US President Barack Obama has implored voters to help continue his legacy by carrying Hillary Clinton to victory at the polls in November.
Mr Obama praised Mrs Clinton at the Democratic convention in Philadelphia, as the most qualified person ever to run for the White House.
He said voters faced a choice between hope and fear, attacking “home-grown demagogue” Republican Donald Trump.
Mr Trump responded by rejecting the president’s optimistic portrayal.
“Our country does not feel ‘great already’ to the millions of wonderful people living in poverty, violence and despair,” he said on Twitter.
Mr Obama recounted his key victories over his past eight years in office and painted an optimistic future.
He extolled Mrs Clinton’s character, calling her a “leader with real plans to break down barriers, blast through glass ceilings and widen the circle of opportunity to every single American”.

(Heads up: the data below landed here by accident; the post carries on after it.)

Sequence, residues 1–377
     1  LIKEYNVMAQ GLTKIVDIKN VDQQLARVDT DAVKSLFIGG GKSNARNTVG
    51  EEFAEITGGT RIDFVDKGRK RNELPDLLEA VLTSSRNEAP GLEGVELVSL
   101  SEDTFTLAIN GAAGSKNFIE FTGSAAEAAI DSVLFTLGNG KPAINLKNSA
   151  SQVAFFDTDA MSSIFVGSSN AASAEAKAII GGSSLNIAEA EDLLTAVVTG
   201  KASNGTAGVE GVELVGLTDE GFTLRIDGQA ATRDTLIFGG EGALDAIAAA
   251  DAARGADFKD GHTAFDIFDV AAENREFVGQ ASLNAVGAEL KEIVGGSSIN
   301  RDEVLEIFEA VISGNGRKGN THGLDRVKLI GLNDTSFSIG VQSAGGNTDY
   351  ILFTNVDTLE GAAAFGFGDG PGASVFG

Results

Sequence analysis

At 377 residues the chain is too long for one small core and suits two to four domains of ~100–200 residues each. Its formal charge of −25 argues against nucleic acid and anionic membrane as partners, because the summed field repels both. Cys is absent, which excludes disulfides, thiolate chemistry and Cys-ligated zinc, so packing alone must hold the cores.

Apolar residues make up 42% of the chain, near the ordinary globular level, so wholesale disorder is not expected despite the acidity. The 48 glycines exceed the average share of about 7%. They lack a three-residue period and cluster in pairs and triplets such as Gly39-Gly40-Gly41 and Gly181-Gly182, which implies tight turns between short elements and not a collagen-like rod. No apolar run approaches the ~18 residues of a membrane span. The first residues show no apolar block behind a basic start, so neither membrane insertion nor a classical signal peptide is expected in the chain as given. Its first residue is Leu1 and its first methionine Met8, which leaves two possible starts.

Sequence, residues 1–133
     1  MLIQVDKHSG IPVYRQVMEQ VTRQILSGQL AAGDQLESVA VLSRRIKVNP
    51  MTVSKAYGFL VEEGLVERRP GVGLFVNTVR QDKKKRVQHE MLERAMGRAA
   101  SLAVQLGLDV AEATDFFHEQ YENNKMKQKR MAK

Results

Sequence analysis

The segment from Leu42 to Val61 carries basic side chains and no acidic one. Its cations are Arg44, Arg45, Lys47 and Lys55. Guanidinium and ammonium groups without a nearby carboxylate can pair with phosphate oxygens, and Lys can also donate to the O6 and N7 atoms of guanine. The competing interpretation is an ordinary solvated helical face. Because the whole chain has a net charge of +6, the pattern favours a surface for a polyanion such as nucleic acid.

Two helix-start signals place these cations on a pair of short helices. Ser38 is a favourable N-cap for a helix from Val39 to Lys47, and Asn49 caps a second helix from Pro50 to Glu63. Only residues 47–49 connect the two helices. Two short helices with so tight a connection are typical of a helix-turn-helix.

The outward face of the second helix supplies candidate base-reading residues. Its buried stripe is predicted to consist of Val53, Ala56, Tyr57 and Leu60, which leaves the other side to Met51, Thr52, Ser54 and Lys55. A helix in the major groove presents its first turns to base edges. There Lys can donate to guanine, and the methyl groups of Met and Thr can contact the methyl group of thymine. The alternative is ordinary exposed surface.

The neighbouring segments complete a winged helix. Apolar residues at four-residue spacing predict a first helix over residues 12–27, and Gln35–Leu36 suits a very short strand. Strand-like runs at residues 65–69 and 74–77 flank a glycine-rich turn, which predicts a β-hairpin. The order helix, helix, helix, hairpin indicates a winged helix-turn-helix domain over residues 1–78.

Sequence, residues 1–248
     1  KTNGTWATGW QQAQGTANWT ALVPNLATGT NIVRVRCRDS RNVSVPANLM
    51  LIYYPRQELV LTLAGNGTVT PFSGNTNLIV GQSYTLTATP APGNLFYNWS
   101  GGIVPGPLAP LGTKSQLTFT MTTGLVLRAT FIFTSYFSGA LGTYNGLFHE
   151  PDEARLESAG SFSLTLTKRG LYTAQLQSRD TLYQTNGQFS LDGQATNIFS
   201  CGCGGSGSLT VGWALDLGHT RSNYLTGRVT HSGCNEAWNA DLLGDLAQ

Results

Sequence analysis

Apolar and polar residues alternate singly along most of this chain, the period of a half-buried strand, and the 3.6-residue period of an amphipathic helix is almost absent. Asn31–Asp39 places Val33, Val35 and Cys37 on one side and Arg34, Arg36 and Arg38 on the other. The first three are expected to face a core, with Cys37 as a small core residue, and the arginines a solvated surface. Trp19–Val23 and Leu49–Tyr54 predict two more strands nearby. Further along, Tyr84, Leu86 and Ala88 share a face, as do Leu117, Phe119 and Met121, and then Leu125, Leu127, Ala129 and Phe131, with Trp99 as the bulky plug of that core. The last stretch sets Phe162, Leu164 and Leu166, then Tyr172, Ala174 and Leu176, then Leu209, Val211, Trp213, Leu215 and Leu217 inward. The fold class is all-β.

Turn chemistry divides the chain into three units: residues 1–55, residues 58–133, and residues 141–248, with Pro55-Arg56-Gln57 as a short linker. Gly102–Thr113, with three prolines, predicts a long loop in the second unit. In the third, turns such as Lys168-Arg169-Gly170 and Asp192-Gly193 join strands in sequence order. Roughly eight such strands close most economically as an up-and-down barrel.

Mr Obama described his nation as “full of courage”, “decent and generous”, but also concerned about racial divisions and “frustrated with political gridlock”
President Obama is good at this. He’s really, really good at this.
For all his flaws – and conservatives will be quick to point them out – he’s always been able to deliver a pitch-perfect speech on the biggest stages, and this was no exception.
It was the kind of speech that had some conservatives shaking their heads, wondering how their party ceded the optimistic high ground to their opponents. Mr Obama even quoted Ronald Reagan’s “shining city on a hill” line, if only to make the political shift all the more clear.
When he mentioned Mr Trump, there were boos. Mr Obama said: “Don’t boo, vote.”
He said Mr Trump “calls himself a business guy, which is true, but I have to say I know plenty of businessmen and women who have achieved remarkable success without leaving a trail of lawsuits and unpaid workers and people feeling like they got cheated.”
Mr Obama added: “Does anyone really believe that a guy who spent his 70 years on this Earth showing no regard for working people is suddenly going to be your champion, your voice? No.”
He said Mr Trump’s grim portrait of America was “not the America I know”.
Praising the qualities of American people, Mr Obama said: “Tonight, I ask you to do for Hillary Clinton what you did for me. I ask you to carry her the same way you carried me.”
The former secretary of state joined him on stage for a hug after he finished speaking.